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The Wonder of it all: Middle school students visit Simulation Center at KU School of Medicine-Wichita

Students visited as part of a six-week project concerned with "embracing life and facing death."

Wonder School Simulation Center
Wonder students Parker Patterson, Frank Ritchie and Cohen Collinsworth take their turn at learning how to swaddle a baby with the use of baby manikins in the Simulation Center at KU School of Medicine-Wichita.

A group of middle school students received hands-on experience and more when visiting the Simulation Center at the University of Kansas School of Medicine-Wichita.

The Wonder students used words like "incredible," "beautiful" and "blissful" to describe taking part in a simulated birth, while practicing CPR on manikins made some feel like they were ready to save a life if required.

"I took away from the experience that giving birth isn't a gross or disturbing thing, but it is a beautiful thing," Kenzy Masterson wrote a few days after the event.

Masterson was one of 10 seventh- and eighth-graders from Wonder who spent a busy hour in the center. In one room, they watched and helped a high-tech manikin named Victoria give birth. In another, they performed CPR on four other manikins. And in a third, they changed diapers and learned to swaddle life-size baby manikins.

Brynn Bachura practices swaddling a baby manikin

Brynn Bachura practices swaddling a baby manikin.

Wonder is a private school that opened on the Wichita State University campus in 2018. The school focuses on experiential or applied learning and is organized into multi-age "studios" rather than traditional classrooms restricted to students in one grade level. The curriculum is built around four- to six-week learning projects, and instructors are called guides.

The students visited KU School of Medicine-Wichita as part of a six-week project concerned with "embracing life and facing death," said Bailey Bryand, a Wonder guide. They'd already visited a cemetery and have plans to interview some senior citizens, Bryand said.

"The girls were really excited to come today," Bryand said of his class, in which girls outnumbered boys 7 to 3. "The boys were a little nervous and standoffish."

However, Bryand noted, the boys seemed to be just as engaged as the girls once they got there. When Mary Koehn, Ph.D., APRN, CHSE, associate professor at KU School of Medicine-Wichita, asked who among them wanted to help Victoria give birth, eighth-grader Cohen Collinsworth quickly volunteered. Cohen donned surgical gloves as Koehn explained the significance of vital signs such as heart rate and oxygen levels that were displayed for Victoria and her unborn child. Following Koehn's direction, Cohen used two fingers to check the manikin's cervical dilation and then find the top of the baby's head. The two supported the baby's head as it emerged, doing the same with the shoulders and body as they turned to pass through the pelvis.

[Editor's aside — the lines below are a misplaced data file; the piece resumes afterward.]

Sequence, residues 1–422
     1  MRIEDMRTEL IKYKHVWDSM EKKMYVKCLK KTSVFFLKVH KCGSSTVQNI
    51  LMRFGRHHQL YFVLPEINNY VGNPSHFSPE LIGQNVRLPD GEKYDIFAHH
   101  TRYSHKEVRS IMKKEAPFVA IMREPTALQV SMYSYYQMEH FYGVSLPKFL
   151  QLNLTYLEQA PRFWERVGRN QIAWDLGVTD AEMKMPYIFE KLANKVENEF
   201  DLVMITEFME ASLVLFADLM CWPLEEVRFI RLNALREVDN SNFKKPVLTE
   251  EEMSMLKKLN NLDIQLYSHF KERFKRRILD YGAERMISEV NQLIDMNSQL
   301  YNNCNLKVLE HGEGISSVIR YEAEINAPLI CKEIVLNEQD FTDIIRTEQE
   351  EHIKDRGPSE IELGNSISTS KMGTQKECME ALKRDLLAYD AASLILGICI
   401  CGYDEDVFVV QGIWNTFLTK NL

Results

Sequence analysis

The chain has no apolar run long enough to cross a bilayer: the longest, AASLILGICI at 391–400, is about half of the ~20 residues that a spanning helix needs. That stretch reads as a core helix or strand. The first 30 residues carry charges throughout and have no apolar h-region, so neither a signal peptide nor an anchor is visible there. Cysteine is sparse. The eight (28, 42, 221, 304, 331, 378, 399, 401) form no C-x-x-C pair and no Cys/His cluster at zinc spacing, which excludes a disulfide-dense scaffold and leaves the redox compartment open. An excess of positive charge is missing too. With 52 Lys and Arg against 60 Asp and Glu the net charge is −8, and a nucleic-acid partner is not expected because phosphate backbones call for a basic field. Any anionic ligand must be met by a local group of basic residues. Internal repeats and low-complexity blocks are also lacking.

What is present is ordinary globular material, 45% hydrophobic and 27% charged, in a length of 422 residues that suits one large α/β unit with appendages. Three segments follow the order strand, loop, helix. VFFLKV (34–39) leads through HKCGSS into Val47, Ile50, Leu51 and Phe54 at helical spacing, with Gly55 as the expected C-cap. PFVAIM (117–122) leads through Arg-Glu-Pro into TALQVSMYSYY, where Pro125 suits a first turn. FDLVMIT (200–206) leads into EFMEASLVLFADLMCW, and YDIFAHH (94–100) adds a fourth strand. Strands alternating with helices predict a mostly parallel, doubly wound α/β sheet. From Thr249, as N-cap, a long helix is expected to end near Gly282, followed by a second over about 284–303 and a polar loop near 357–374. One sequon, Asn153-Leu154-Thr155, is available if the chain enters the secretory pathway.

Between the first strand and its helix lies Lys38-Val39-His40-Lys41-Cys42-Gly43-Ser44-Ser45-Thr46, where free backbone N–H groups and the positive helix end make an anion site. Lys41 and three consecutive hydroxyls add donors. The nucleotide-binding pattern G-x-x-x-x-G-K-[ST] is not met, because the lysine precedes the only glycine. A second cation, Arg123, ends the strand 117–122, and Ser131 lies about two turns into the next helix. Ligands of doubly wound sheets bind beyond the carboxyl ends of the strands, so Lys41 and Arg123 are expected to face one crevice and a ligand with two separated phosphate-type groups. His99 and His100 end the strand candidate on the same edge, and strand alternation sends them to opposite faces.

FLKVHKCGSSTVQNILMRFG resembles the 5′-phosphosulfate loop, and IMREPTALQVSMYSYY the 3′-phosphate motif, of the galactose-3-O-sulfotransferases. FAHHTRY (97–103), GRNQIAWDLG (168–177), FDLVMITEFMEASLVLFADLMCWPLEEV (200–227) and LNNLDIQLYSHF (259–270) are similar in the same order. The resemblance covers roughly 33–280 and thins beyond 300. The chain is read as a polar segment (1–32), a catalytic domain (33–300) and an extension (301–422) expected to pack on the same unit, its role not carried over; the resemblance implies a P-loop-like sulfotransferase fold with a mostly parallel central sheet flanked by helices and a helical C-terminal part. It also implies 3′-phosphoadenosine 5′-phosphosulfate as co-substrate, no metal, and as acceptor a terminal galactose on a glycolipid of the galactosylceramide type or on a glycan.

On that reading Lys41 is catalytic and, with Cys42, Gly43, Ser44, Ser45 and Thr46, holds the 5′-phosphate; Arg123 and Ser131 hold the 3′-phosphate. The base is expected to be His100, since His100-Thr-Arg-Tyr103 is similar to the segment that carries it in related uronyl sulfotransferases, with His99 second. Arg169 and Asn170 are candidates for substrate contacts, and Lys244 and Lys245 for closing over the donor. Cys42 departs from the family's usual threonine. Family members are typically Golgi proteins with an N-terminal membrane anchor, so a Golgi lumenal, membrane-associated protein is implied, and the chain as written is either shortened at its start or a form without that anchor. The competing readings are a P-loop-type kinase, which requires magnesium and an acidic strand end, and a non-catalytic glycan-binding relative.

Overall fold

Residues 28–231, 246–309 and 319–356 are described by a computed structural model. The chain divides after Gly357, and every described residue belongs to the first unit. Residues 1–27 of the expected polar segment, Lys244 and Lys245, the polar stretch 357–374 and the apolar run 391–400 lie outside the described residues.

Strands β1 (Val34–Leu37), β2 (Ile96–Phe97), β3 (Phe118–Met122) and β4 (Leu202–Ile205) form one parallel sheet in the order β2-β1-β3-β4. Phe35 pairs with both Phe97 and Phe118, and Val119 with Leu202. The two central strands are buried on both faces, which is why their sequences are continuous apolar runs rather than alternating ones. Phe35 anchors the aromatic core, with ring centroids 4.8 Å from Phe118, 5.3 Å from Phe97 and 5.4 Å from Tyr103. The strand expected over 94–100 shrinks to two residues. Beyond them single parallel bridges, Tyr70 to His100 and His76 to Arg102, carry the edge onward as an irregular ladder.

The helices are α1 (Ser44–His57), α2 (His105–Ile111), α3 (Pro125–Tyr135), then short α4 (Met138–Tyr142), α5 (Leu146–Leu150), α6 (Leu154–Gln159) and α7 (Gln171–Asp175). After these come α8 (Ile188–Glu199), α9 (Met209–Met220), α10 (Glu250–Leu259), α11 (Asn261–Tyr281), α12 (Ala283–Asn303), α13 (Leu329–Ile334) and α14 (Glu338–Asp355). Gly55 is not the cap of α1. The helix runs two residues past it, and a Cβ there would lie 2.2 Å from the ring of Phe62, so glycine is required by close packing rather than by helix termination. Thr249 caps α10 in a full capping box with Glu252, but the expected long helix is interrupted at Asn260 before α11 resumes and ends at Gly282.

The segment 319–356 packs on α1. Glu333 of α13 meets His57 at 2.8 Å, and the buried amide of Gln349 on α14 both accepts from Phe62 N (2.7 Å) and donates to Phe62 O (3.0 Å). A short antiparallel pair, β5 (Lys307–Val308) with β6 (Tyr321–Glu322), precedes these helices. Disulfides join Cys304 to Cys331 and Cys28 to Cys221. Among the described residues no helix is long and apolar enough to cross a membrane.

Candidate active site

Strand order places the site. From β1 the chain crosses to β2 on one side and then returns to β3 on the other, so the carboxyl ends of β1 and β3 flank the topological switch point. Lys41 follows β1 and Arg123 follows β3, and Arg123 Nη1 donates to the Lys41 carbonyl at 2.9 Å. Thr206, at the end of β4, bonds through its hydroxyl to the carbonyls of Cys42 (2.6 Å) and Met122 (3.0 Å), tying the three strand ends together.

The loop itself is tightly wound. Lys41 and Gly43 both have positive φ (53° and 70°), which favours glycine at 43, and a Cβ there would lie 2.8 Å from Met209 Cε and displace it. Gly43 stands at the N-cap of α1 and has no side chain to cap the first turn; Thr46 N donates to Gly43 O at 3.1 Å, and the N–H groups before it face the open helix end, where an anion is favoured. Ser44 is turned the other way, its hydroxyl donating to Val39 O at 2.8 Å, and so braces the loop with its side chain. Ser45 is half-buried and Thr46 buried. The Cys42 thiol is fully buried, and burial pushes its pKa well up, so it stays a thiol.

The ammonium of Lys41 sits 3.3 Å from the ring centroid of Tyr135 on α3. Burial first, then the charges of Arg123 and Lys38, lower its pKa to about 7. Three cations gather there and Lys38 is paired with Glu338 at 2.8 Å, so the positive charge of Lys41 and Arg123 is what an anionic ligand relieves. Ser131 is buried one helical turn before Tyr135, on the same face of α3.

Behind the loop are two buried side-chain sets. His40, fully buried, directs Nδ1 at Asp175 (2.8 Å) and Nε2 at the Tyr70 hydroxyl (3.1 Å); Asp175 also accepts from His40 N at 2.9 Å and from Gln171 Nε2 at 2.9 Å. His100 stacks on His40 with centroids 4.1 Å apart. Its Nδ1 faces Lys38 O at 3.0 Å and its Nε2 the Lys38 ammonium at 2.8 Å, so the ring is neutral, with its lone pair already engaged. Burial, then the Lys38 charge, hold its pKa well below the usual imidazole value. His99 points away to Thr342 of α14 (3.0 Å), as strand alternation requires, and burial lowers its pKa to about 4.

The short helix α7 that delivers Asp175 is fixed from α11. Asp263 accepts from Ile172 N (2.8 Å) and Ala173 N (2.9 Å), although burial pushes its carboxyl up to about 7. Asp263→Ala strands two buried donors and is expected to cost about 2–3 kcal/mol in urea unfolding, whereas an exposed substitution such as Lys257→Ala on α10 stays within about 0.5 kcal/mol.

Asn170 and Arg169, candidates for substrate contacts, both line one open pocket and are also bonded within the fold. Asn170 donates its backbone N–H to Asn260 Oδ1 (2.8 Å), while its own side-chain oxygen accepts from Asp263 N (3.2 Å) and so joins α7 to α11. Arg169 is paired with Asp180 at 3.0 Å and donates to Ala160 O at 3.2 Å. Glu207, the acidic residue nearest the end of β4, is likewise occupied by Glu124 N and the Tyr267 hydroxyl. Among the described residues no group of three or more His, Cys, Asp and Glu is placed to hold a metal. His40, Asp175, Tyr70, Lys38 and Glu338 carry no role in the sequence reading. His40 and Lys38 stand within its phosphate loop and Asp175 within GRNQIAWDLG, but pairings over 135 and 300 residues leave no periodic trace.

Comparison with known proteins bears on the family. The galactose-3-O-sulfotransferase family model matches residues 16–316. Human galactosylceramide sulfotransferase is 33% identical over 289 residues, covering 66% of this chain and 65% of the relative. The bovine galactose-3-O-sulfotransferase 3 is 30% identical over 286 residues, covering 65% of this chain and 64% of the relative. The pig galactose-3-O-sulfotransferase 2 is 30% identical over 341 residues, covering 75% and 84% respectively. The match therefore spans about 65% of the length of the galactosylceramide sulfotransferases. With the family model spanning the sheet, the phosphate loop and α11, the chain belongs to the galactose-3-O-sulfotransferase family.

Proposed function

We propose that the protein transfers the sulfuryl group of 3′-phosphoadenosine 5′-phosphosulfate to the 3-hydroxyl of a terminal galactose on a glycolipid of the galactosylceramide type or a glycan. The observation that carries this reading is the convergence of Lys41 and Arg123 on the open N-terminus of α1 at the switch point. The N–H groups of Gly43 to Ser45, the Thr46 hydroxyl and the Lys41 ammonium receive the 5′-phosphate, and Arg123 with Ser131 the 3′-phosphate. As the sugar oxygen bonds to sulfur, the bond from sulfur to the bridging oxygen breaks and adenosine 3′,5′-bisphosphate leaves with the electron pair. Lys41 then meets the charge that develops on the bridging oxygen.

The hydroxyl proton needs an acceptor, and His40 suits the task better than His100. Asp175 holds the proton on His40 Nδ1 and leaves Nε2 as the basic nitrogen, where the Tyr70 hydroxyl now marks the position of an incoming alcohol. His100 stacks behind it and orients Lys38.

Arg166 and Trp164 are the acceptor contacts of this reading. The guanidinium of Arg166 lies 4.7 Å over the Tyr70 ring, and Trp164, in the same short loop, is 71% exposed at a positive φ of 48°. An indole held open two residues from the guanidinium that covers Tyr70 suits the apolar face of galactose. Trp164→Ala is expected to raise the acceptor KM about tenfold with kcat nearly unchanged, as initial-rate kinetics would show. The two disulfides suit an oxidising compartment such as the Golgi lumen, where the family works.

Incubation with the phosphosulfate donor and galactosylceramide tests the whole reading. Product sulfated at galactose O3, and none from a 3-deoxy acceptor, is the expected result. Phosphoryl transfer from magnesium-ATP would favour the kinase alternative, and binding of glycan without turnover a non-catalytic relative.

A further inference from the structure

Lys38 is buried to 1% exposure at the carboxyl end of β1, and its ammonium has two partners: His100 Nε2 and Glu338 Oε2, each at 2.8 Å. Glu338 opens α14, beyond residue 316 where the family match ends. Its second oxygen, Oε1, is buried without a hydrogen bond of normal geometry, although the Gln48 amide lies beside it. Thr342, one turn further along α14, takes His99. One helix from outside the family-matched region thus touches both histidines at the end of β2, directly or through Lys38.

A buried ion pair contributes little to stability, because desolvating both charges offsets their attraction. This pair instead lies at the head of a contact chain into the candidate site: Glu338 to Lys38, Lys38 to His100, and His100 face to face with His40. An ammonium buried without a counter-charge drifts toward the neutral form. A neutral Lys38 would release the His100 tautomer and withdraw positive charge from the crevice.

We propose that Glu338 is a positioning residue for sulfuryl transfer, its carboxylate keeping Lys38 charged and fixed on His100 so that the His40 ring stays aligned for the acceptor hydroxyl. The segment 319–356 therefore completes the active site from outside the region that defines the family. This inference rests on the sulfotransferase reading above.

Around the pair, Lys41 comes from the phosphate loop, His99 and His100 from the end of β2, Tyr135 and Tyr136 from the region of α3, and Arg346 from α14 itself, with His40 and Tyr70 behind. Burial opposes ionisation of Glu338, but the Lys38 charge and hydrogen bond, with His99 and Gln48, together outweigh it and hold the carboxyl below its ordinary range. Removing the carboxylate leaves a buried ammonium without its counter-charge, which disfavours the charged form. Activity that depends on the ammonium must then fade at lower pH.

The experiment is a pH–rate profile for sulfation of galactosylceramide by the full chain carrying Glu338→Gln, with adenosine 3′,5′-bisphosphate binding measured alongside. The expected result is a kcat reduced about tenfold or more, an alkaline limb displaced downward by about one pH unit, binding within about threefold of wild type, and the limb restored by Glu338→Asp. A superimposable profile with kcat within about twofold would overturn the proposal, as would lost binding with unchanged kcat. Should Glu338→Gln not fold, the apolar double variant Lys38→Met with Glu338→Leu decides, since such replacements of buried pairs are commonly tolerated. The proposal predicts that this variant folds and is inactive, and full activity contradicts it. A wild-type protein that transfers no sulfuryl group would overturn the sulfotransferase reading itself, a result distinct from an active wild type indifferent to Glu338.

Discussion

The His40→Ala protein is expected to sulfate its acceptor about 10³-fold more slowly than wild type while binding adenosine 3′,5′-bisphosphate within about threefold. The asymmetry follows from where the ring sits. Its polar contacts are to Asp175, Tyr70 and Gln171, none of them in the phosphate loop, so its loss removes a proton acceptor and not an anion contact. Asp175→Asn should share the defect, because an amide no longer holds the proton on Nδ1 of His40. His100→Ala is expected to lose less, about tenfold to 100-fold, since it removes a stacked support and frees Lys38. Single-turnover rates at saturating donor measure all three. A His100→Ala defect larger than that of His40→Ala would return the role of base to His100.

"Alright, your first baby," Koehn said. "Now you've got to give it a name."

"Ted," Cohen replied.

"We've never had a Ted before," Koehn said. "Strong name."

Koehn then showed the students a model of a placenta and umbilical cord, explaining how the latter is clamped and severed following birth. Masterson was just as eager to deliver Victoria's baby when Koehn asked for another volunteer.

"It was a good learning experience, especially since I want to have kids of my own." She was surprised by "how much you pulled and helped the woman give birth."

Students named the other two babies delivered that day Mya and Taytum. One student asked Koehn to explain what an epidural is and whether it's painful. When Koehn mentioned that Victoria can be programmed to communicate, one student asked, "Will she be screaming?" Koehn said that all births aren't that painful.

Several students thought the lesson in CPR might be the most valuable takeaway of their visit. Garry Tolle, Simulation Center teaching associate, instructed them how to recognize when someone is in cardiac arrest and how to use their hands in a steady pumping motion on the person's chest to keep blood flowing.

"Our goal is to be the (heart) muscle," he said.

As the students knelt over the manikins, Tolle encouraged them - "Doing good, just a little bit faster" - and said one method of maintaining the correct pace is to follow the rhythm of a well-known song like "Staying Alive." Tolle, a former paramedic, told them that saving a life "is the greatest feeling in the world."

Wonder student Paige Umbehr said she left feeling like she could use CPR "while babysitting, when I am a parent, or when I am out in public and someone needs my help."